by Michael Robinson
The federal prison system has been greatly expanded over the past ten years, with new prisons being built, and with an ever increasing number of federal inmates. Despite this unprecedented expansion, the crime rate has not significantly declined, and still the federal government wants to build more prisons, federalize more crimes, whether real or imagined, and, of course, the whole thing is to be financed with tax dollars. This expansion has nothing to do with fighting crime; it's all part of the money machine.
At the present time, there are nearly a hundred federal prisons in the United States, most of which have a Unicor factory; a few prisons have two. Unicor evolved from a program known as Federal Prison Industries, or F.P.I., which originated at the federal penitentiary at Leavenworth, Kansas, about fifty years ago. This program began on a sound premise. It was noted that a large number of federal inmates had no marketable job skills, a situation which would induce them to resume a life of crime to support themselves upon release from prison. The thinking, at that time, was to have inmates work in a factory setting, where they would learn job skills that would be in demand in the labor market.
The prison factories met the objective of teaching job skills; however, running a factory also results in a product being produced. Once you create something, there is little to do with your product, other than selling it. Sales generated profits, and these profits eventually culminated in the present, ongoing, expansion of the federal prison system, financed by the taxpayers.
F.P.I / Unicor originally manufactured furniture, and still does, although many other products have been added to the Unicor line. Uniforms for federal prisoners are made in the prison factories, as are the uniforms worn by U.S. military personnel. A lot of military products are made in these factories. The bomb racks used to transport bombs from storage areas to waiting planes are made by F.P.I / Unicor. Prescription eye glasses, sold to members of the military for almost $400.00, are produced by Unicor, at a cost of less than $10.00 a pair. Where do you think they buy their parachutes, canteen covers, beds, mattresses, sheets, pillows, and blankets? They are all made by and purchased from F.P.I. / Unicor.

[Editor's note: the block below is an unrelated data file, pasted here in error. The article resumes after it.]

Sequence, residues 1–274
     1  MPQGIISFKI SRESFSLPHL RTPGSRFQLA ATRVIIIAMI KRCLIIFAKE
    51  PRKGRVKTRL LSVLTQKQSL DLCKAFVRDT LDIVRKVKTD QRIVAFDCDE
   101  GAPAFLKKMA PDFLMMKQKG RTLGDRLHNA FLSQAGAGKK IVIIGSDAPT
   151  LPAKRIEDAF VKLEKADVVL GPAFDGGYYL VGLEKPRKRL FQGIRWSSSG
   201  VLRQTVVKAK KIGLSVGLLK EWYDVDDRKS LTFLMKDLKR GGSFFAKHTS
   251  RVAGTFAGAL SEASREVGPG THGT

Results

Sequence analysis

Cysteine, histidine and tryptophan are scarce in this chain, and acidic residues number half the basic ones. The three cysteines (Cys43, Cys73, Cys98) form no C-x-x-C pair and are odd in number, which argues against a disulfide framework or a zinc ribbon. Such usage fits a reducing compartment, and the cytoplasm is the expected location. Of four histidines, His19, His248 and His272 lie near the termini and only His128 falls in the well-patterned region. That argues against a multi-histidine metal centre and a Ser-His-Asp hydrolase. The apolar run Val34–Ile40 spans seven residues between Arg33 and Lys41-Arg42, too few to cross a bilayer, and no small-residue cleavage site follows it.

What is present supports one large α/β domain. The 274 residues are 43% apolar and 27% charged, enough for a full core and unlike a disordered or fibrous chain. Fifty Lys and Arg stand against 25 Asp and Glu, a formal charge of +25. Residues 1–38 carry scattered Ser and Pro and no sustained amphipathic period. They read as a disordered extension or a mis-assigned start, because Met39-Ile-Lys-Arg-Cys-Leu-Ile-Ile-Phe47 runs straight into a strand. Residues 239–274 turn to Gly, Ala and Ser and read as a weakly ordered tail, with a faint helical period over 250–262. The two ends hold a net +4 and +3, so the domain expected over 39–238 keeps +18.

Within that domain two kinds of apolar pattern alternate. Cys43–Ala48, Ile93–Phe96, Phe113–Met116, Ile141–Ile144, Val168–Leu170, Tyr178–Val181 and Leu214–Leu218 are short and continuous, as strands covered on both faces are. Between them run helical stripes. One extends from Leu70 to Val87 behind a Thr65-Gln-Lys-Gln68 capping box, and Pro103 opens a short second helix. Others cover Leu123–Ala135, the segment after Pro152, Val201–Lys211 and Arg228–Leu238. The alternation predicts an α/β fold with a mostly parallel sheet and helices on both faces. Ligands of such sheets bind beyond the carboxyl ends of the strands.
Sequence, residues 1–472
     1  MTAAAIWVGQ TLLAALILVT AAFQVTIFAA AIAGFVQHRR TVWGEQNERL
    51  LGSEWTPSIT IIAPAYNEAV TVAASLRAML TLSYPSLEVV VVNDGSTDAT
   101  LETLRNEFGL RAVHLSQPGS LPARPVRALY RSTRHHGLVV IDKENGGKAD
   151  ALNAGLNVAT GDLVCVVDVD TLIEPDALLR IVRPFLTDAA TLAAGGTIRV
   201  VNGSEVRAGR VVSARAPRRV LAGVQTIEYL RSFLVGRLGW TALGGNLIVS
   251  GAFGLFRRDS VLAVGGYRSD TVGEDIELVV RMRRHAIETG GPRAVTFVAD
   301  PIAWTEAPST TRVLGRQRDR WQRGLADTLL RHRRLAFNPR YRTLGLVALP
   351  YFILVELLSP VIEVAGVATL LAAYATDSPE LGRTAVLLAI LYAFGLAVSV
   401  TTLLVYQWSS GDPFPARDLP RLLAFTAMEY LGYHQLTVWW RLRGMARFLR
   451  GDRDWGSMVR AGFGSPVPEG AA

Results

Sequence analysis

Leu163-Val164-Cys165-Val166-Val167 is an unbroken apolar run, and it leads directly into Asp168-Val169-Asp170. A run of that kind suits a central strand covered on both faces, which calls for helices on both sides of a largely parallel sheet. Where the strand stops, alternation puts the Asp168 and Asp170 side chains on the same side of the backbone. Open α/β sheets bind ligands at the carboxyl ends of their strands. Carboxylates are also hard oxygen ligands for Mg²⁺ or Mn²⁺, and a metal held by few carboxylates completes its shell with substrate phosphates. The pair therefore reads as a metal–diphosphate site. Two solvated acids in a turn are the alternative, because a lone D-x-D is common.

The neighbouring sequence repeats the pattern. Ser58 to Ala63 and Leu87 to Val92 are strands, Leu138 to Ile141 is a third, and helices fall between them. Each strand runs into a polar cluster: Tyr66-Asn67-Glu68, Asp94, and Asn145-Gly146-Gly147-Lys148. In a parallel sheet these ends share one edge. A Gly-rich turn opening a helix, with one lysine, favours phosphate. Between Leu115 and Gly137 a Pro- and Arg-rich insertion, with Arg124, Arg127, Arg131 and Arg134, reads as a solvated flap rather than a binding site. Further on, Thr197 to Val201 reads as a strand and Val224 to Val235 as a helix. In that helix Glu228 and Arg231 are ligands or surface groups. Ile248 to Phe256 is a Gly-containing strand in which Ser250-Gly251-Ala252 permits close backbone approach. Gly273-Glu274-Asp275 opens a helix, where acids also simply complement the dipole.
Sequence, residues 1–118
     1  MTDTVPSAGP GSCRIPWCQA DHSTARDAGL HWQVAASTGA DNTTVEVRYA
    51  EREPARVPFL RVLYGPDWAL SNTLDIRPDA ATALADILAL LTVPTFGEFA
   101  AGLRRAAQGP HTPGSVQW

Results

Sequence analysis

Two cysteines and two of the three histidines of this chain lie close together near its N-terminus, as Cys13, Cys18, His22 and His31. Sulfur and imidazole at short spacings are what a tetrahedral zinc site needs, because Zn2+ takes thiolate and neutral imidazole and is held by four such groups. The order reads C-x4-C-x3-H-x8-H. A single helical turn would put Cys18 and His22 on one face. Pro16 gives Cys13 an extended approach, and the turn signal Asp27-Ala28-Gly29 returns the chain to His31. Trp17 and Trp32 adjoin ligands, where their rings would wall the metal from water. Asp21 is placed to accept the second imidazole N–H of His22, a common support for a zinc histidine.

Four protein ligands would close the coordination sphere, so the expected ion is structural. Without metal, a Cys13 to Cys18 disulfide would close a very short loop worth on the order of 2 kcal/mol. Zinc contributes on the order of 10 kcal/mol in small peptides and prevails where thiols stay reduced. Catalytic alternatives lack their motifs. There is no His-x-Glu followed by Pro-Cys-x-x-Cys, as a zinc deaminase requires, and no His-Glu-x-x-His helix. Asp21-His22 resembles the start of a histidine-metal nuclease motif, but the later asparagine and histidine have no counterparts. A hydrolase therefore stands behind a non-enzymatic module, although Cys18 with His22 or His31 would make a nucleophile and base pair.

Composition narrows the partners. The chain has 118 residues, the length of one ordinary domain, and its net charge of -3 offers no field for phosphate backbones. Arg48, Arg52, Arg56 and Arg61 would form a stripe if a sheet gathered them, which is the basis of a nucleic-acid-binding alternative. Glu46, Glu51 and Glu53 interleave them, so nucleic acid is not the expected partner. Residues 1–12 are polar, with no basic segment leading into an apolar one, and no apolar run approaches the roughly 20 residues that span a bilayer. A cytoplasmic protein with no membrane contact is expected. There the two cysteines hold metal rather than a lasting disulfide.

You may not have been aware of it at the time, or given it any thought, but you've seen Unicor products many times, perhaps even purchased them. Everybody knows someone who shops at the surplus outlets. If you're not already familiar with them, go browsing through one of the Army / Navy surplus stores. Oh, what a vast array of merchandise they offer. Caps, jackets, boots, shirts, pants, canteen covers, shovels, and camp stoves are but a few of the items offered. While you're there, take note of the quantities and variety of sizes available, as well as the fact that most of this "surplus" is brand new. Very few items offered in these stores have ever been used, by anyone.
Unicor is prohibited by federal law from selling their products to anyone other than government agencies. This is probably based on the publicly stated, U.S. proclamation that other countries , most notably China, engage in atrocious inhumanities by staffing their factories with prison labor. Unicor can't legally sell to the discount stores, and yet, anyone can walk into one of these stores and buy anything offered. How do the products get into the stores? Why are they not being shut down? The law prohibits Unicor from selling to anyone other than government agencies; however, the law makes no mention of what happens to the product after Unicor sells it, nor is there any stipulation as to what the original purchaser can, or cannot, do with the product they buy from Unicor.
The army, for instance, may need 50,000 field jackets. Since the army is a government agency, they can legally purchase as many of these as desired, directly from F.P.I. / Unicor. There isn't anything to prohibit the army from buying 250,000 field jackets, which fulfills their need for 50,000, and leaves them with a "surplus" of 200,000 field jackets which can be sold to the discount surplus stores at a profit. The stores cannot be shut down because they have not technically violated the law; after all, they did not buy from Unicor. They army has not violated the law because they can do whatever they like with their own property, and, Unicor has sold only to a government agency, just as the law stipulates. This keeps everything legal, and everyone makes a profit, except the taxpayers who finance all this.